Kidney stones - lithotripsy - discharge
Toggle: English / Spanish
Extracorporeal shock wave lithotripsy - discharge; Shock wave lithotripsy - discharge; Laser lithotripsy - discharge; Percutaneous lithotripsy - discharge; Endoscopic lithotripsy - discharge; ESWL - discharge
When You Were in the Hospital
You had lithotripsy, a medical procedure that uses shock waves to break up stones in your kidney, bladder, or ureter (tube that carries urine from your kidneys to your bladder). The waves break the stones into tiny pieces.
What to Expect at Home
It is normal to have a small amount of blood in your urine for a few days to a few weeks after this procedure.
You may have pain and nausea when the stone pieces pass. This can happen soon after treatment and may last for 4 to 8 weeks.
Have someone drive you home from the hospital. Rest when you get home. Most people can resume their regular daily activities 1 or 2 days after this procedure.
Drink a lot of water in the weeks after treatment. This helps pass any pieces of stone that still have not passed.
Learn how to prevent your kidney stones from coming back. See also: Kidney stones - self-care
Take the pain medicine your doctor told you to take and drink a lot of water if you have pain. You may need to take antibiotics and anti-inflammatory medicines for a few days.
You will probably be asked to strain your urine at home to look for stones. Your doctor or nurse will tell you how to do this. Any stones you find can be sent to a medical lab to be examined.
You will be asked to visit your doctor for a follow-up appointment in the weeks after your lithotripsy.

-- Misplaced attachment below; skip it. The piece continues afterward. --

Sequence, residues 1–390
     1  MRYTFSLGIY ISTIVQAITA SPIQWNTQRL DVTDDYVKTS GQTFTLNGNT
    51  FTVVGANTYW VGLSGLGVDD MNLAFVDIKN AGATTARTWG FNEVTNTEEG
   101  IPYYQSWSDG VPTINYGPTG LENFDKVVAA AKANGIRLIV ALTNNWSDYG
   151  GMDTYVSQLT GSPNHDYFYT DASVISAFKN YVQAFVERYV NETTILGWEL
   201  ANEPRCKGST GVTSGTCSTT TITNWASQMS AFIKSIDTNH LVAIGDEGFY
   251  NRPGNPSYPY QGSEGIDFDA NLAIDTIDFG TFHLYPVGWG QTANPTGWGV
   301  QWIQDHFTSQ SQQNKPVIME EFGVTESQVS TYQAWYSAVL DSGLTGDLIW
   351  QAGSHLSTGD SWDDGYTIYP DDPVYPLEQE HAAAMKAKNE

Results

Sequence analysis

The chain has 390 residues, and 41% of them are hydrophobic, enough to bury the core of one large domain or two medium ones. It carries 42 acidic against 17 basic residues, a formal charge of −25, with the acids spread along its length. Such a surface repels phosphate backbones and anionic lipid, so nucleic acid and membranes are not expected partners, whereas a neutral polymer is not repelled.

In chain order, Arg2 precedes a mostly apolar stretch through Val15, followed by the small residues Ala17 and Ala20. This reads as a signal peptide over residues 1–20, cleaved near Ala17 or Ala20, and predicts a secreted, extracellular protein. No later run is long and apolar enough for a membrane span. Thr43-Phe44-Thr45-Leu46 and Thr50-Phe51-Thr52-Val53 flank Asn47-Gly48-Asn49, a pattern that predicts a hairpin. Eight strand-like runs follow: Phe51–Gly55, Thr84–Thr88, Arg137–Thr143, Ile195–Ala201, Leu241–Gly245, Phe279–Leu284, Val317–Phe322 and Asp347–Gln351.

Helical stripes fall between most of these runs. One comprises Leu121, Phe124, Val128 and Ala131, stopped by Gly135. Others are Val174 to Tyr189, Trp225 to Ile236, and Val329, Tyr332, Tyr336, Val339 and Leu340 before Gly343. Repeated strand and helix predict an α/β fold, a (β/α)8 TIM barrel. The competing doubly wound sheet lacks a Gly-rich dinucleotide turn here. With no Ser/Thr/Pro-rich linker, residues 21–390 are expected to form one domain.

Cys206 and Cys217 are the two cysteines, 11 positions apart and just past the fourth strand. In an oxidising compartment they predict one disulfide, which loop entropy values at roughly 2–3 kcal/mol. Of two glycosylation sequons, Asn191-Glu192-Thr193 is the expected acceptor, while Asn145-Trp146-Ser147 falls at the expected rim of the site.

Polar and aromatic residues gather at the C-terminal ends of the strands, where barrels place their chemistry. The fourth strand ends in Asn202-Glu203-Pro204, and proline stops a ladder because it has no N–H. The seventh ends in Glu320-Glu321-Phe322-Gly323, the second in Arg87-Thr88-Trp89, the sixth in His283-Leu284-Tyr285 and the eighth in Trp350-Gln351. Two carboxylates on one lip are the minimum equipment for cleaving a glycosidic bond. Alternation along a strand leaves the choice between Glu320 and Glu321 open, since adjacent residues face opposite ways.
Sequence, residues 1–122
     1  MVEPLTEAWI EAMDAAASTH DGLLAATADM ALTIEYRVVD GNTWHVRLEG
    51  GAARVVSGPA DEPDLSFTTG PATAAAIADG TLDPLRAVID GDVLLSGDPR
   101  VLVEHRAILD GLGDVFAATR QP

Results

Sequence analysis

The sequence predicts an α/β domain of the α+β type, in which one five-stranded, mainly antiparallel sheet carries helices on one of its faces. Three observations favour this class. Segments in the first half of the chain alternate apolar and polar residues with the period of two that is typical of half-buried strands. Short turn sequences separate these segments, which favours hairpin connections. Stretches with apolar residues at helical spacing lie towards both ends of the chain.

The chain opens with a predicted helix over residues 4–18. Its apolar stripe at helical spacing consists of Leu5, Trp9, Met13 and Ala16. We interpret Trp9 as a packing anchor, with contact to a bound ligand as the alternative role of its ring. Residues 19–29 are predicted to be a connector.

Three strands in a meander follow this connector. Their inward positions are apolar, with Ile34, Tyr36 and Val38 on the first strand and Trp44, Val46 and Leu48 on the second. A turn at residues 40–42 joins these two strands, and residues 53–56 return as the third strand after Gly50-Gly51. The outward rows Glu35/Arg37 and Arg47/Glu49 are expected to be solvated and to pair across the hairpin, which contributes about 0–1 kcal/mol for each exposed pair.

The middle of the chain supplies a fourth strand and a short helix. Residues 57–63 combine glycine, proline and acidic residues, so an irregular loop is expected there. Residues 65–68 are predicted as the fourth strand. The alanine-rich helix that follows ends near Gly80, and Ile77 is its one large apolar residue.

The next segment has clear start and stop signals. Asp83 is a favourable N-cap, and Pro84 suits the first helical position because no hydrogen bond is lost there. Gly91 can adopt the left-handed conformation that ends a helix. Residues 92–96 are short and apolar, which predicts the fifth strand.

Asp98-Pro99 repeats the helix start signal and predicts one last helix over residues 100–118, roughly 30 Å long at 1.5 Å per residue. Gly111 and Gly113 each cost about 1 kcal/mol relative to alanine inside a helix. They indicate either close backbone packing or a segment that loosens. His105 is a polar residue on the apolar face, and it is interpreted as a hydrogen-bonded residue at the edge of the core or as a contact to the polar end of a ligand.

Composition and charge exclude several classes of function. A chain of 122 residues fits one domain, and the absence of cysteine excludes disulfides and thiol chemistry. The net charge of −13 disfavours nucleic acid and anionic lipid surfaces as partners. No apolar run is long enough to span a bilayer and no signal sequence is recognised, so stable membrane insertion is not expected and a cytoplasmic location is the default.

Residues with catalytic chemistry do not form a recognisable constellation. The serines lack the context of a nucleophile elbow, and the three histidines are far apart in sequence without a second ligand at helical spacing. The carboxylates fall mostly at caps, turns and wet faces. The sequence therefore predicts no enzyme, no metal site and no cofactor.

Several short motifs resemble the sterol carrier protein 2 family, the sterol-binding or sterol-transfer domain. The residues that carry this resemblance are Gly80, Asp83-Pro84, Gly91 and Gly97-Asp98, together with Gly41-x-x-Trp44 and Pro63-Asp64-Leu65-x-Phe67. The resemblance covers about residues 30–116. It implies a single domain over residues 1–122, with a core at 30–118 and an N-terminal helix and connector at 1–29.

You may have a nephrostomy drainage tube and will need to take care of it. See also: Percutaneous urinary procedures - discharge
When to Call the Doctor
Call your doctor if you have:
- Very bad pain in your back or side that will not go away
- Blood in your urine
- Fever and chills
- Urine that smells bad or looks cloudy
- A burning feeling when you urinate
Matlaga BR, Lingeman JE. Surgical management of upper urinary tract calculi. In: Wein AJ, ed. Campbell-Walsh Urology. 10th ed. Philadelphia, PA: Saunders; 2011:chap 48.
Curhan GC. Nephrolithiasis. In: Goldman L, Schafer AI, eds. Cecil Medicine. 24th ed. Philadelphia, Pa: Saunders Elsevier; 2011:chap 128.
- Last reviewed on 9/24/2012
- Linda J. Vorvick, MD, Medical Director and Director of Didactic Curriculum, MEDEX Northwest Division of Physician Assistant Studies, Department of Family Medicine, UW Medicine, School of Medicine, University of Washington; and Louis S. Liou, MD, PhD, Chief of Urology, Cambridge Health Alliance, Visiting Assistant Professor of Surgery, Harvard Medical School. Also reviewed by David Zieve, MD, MHA, Medical Director, A.D.A.M. Health Solutions, Ebix, Inc.
The information provided herein should not be used during any medical emergency or for the diagnosis or treatment of any medical condition. A licensed medical professional should be consulted for diagnosis and treatment of any and all medical conditions. Call 911 for all medical emergencies. Links to other sites are provided for information only -- they do not constitute endorsements of those other sites. © 1997- 2013 A.D.A.M., Inc. Any duplication or distribution of the information contained herein is strictly prohibited.
This page was last updated: May 20, 2014